Niedert marvels at Haitian people
By ELISA SAND, Staff Reporter
In a country with 8 million people in a space that's 1/20th the size of South Dakota and only one doctor for every 10,000 people, a Brookings-based mission is striving to make a difference.|
Solar Oven Partners, a United Methodist mission, works to put solar ovens in the hands of the people in Haiti -- a country located on the west half of the island also occupied by the Dominican Republic.
Through support from the Madison United Methodist Church, Madison's Jay Niedert has participated in the mission trip for two consecutive years.
"It's the most densely populated country in the western hemisphere," Niedert said.
The country has the highest infant mortality rate, and most of the population won't live past age 30 or 40. AIDS and gang activity are major concerns, along with other health issues like parasites, worms and tuberculosis.
In addition to extreme poverty, one issue facing the country is the dwindling supply of trees -- used in that country to make charcoal, which in turn is used for cooking.
"With trees in short supply, charcoal is more expensive," Niedert said, indicating that one-third to one-half of a person's annual income will go toward the purchase of charcoal.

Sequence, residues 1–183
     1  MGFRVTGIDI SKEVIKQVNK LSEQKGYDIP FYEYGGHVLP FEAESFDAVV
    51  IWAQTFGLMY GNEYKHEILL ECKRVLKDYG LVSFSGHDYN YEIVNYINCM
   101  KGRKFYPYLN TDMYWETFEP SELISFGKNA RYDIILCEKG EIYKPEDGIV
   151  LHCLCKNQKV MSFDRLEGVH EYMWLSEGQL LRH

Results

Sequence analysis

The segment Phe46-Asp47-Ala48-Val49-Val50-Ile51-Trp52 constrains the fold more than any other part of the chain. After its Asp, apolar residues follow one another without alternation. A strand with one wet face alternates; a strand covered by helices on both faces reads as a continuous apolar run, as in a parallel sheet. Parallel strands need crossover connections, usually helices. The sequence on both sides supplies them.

The goal of the mission, said Niedert, is to provide the people with solar ovens, which can be used for cooking.
"Most days of the year the solar ovens will work," Niedert said.
The 15-day mission trip gave the group an opportunity to hold seminars for new recipients of the ovens, plus followup seminars with people who already have the ovens to see how they are being used.
For Niedert, spending time with the people in Haiti is important.
"You get a tremendous amount of feedback from these people," he said. "It's a very poor country, but the people are very proud."
Sadly, the volume of people is an issue for the country. This year, the mission group stayed in Carrefur, a city that spans less than six square miles and has a population of about 400,000 people.
Originally, the group was to stay out in the country, but prior to their arrival, a gang overran the orphanage there and ran out the minister and his family.
When something like that happens, Niedert said, there's no support system for the people to help recover. Additionally, he said, there's no support for someone who has a physical handicap or is mentally ill.
"It's such a survival mode," he said.
Another issue for the people is communication within the country.
U.N. troops are stationed around a gang-infested city in Haiti, but in most cities outside that small region, the people are oblivious to why troops are even there.
"They don't know what's going on with their own country," he said.
So, Niedert said, for a mission to effectively penetrate a country like Haiti, contact is made with the ministers of the churches. Although the people are very poor, they are also very faithful.
Niedert said a common sight is pieces of biblical phrases like "The Lord is my shepherd" written on buildings followed by the words "Don't be afraid."
But there has been progress in the country. Last year, the people of Haiti elected a new leader, and the Haitian police are now more visible.
"It's a sign that things are getting better," he said.
And the word of the solar ovens is spreading. The program now has three employees in Haiti -- one who will build the ovens and two who will educate Haitians on their use.
©Madison Daily Leader 2013
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